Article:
John 21:15-19 reads, “So when they had eaten breakfast, Jesus said to Simon Peter, ‘Simon, son of Jonah, do you love Me more than these?’ He said to Him, ‘Yes, Lord; You know that I love You.’  He said to him, ‘Feed My lambs.’ He said to him again a second time, ‘Simon, son of Jonah, do you love Me?’ He said to Him, ‘Yes, Lord; You know that I love You.’  He said to him, ‘Tend My sheep.’ He said to him the third time, ‘Simon, son of Jonah, do you love Me?’ Peter was grieved because He said to him the third time, ‘Do you love Me?’  And he said to Him, ‘Lord, You know all things; You know that I love You.’ Jesus said to him, ‘Feed My sheep.  Most assuredly, I say to you, when you were younger, you girded yourself and walked where you wished; but when you are old, you will stretch out your hands, and another will gird you and carry you where you do not wish.’ This He spoke, signifying by what death he would glorify God. And when He had spoken this, He said to him, ‘Follow Me.’”

Dr. J. C. Ryle (1816-1900) writes, “THESE verses [John 21:15-17] describe a remarkable conversation between our Lord Jesus Christ and the Apostle Peter. To the careful Bible reader, who remembers the Apostle's thrice-repeated denial of Christ, the passage cannot fail to be a deeply interesting portion of Scripture. Well would it be for the Church, if all ‘after-meal’ conversations among Christians were as useful and edifying as this.”4  I am grateful to Dr. Ryle for the overarching theme and for some of the things I will share under the main points of this message.

Notice three things about the actions of Jesus.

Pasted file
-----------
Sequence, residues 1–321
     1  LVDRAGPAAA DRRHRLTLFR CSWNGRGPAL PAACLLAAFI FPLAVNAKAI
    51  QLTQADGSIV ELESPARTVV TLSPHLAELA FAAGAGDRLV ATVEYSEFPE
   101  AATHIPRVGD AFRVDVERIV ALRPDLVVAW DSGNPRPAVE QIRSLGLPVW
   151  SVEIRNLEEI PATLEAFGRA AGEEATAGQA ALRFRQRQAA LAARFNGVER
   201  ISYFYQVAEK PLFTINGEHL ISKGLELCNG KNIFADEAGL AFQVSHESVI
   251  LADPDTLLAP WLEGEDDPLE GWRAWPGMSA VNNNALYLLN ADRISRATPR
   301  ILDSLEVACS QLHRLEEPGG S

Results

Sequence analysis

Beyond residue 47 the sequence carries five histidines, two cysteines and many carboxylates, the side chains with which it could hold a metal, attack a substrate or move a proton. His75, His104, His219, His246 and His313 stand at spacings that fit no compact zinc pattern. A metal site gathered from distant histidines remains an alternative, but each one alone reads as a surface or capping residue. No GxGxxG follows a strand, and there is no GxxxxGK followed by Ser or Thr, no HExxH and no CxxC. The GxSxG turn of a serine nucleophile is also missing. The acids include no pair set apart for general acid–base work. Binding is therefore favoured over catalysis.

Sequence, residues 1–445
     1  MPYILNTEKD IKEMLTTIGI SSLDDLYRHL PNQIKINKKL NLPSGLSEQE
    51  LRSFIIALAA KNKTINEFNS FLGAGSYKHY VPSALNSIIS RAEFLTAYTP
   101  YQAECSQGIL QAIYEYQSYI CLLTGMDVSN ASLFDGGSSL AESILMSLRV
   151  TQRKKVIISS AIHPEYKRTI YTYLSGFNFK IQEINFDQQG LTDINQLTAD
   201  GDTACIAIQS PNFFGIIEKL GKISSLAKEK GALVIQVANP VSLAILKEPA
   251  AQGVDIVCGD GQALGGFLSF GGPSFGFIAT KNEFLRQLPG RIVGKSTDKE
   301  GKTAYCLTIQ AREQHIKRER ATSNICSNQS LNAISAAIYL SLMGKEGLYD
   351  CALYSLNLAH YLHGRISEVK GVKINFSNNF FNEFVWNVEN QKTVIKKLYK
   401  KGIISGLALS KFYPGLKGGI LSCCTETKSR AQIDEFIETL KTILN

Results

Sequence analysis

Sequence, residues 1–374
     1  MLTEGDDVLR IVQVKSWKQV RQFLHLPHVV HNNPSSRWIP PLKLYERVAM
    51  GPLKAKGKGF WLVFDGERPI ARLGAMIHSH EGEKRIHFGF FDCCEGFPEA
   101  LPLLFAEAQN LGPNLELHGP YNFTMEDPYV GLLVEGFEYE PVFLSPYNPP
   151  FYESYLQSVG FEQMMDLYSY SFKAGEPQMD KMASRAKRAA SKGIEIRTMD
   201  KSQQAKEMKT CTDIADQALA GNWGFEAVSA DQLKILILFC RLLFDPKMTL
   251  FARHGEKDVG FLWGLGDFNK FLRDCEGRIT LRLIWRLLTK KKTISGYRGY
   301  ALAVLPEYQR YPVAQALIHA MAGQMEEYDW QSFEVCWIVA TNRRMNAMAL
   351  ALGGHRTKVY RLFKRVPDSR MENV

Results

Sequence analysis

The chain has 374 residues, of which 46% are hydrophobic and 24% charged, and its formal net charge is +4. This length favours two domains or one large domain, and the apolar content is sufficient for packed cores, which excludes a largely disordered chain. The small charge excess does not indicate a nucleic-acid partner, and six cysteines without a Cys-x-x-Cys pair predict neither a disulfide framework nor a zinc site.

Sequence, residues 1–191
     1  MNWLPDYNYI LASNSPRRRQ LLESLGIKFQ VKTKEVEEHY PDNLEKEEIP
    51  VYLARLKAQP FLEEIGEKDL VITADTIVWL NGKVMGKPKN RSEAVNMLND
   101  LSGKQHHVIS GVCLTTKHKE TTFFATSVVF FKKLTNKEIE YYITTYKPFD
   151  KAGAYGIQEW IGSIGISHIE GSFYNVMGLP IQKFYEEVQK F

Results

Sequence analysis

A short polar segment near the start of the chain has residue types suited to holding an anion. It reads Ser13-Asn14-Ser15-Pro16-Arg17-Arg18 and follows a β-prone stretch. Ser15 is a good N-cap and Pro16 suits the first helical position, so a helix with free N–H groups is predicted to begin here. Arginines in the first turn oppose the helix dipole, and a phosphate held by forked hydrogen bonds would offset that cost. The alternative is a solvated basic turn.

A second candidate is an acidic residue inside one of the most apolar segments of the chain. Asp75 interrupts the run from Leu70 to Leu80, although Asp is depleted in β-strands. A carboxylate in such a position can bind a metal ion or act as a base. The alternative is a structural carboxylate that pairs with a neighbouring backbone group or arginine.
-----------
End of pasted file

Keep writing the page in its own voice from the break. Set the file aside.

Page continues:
I. First, note Jesus’ loving inquiry.

Dr. J. C. Ryle writes, “We should notice first, in these verses, Christ's question to Peter—‘Simon, son of John, do you love Me?’ Three times we find the same inquiry made. It seems most probable that this three-fold repetition was meant to remind the Apostle of his own thrice-repeated denial. Once we find a remarkable addition to the inquiry—‘do you love Me more than these?’ It is a reasonable supposition that those three words ‘more than these,’ were meant to remind Peter of his over-confident assertion—‘Though all men deny You, yet I will not.’ It is just as if our Lord would say, ‘Will you now exalt yourself above others? Have you yet learned your own weakness?’

‘Do you love Me’ may seem at first sight a simple question. In one sense it is so. Even a child can understand love, and can say whether he loves another or not. Yet ‘Do you love Me’ is, in reality, a very searching question. We may know much, and do much, and profess much, and talk much, and work much, and give much, and go through much, and make much show in our religion, and yet be dead before God, from lack of love, and at last go down to the pit. Do we love Christ? That is the great question. Without this there is no vitality about our Christianity. We are no better than painted wax figures, lifeless stuffed beasts in a museum, sounding brass and tinkling cymbals. There is no life where there is no love.

Let us take heed that there is some feeling in our religion. Knowledge, orthodoxy, correct views, regular use of forms, a respectable moral life--all these do not make up a true Christian. There must be some personal feeling towards Christ. Feeling alone, no doubt, is a poor useless thing, and may be here today and gone tomorrow. But the entire absence of feeling is a very bad symptom, and speaks ill for the state of a man’s soul. The men and women to whom Paul wrote his Epistles had feelings, and were not ashamed of them. There was One in heaven whom they loved, and that One was Jesus the Son of God. Let us strive to be like them, and to have some real feeling in our Christianity, if we hope to share their reward.”5

Genesis 3:9 reads, “Then the LORD God called to Adam and said to him, ‘Where are you?’ ” Remember, the Omniscient God is not asking for information.  In essence, Jesus is asking Simon Peter, “Where are you?”  God asks this question of men and women to help us determine where we stand with Him.  Therefore, we ask in His behalf, “Where are you?”   

II. Second, note Jesus’ listening interest.